A few years back, I learned of a patient who had her DNA tested by one company and then interpreted by another. She sought help when data from the third-party company suggested she was at increased genetic risk for breast cancer. Concern over what had been identified in the interpretation report ultimately led this patient to see a genetic counselor — a trained professional who can advise on the genetic risks for various diseases. The counselor eventually determined the result was nothing to worry about.
For me, this “false positive” case raised red flags about a sometimes dodgy do-it-youself world of genetics.
[T[he validity of genetic tests to which consumers have direct access remains questionable. In fact, a recent article by scientists at one of the clinical testing labs that medical providers rely on reported that approximately 40 percent of results reported from raw DNA interpretation were incorrect.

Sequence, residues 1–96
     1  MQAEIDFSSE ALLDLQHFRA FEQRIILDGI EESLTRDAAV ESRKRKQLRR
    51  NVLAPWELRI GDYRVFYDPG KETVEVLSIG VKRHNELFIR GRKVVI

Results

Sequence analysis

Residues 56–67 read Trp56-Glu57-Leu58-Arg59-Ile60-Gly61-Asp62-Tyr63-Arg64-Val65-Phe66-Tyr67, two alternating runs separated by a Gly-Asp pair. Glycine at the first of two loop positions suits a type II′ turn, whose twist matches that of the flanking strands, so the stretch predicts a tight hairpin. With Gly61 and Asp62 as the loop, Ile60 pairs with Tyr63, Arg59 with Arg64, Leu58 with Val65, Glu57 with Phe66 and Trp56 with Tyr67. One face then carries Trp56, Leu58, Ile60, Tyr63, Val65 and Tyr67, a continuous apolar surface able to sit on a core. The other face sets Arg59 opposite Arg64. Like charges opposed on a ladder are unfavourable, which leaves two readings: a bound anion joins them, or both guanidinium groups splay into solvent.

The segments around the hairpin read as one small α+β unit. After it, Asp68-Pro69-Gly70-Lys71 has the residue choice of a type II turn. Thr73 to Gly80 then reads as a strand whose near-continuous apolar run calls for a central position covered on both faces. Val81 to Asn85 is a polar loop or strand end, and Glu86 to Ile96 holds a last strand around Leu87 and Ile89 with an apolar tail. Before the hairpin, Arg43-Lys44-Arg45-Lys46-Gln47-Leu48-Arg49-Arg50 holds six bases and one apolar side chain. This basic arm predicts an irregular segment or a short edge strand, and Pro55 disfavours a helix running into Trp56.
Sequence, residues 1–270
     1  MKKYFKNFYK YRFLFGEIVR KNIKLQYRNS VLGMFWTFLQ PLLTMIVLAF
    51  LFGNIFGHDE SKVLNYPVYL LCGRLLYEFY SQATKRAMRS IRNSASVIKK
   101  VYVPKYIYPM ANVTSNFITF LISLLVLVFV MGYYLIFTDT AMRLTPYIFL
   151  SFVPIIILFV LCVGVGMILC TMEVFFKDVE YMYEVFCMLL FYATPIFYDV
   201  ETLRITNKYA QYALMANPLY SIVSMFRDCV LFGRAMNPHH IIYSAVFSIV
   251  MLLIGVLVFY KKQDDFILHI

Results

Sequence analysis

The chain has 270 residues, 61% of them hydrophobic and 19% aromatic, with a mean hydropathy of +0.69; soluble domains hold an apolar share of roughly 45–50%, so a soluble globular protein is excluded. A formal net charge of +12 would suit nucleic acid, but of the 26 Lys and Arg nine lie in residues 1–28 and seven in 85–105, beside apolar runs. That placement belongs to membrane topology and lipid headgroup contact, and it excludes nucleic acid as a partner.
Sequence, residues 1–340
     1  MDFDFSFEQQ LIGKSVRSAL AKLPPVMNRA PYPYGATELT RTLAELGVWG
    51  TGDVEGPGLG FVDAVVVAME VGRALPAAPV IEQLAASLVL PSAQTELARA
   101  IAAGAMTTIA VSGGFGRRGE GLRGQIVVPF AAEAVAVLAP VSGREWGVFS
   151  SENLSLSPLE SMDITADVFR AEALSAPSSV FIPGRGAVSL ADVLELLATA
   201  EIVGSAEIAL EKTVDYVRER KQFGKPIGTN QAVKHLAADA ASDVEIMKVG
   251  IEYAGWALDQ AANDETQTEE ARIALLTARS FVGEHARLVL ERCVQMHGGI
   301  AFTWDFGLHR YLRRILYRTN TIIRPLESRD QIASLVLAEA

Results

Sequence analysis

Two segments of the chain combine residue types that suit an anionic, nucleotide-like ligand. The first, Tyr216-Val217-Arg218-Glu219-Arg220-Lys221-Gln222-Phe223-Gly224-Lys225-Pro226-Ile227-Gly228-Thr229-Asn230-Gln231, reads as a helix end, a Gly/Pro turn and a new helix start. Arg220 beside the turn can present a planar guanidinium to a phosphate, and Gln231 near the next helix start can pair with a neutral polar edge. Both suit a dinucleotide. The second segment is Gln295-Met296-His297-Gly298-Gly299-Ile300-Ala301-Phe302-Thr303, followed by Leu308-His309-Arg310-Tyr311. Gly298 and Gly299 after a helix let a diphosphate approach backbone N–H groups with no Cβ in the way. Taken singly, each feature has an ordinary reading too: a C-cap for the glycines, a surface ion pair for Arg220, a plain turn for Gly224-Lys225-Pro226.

Genetic counselors, meanwhile, are frustrated. The message from commercial testing companies has led to unrealistic expectations from consumers about what they can learn about themselves. It’s challenging for counselors to correct misconceptions, especially when they are met with resistance from patients.
If 2017 was the year commercial direct-to-consumer testing exploded, 2018 may be the year users rethink the value of this gift — or at least how to use it.
Editor’s note: Catharine Wang is a behavioral scientist at Boston University
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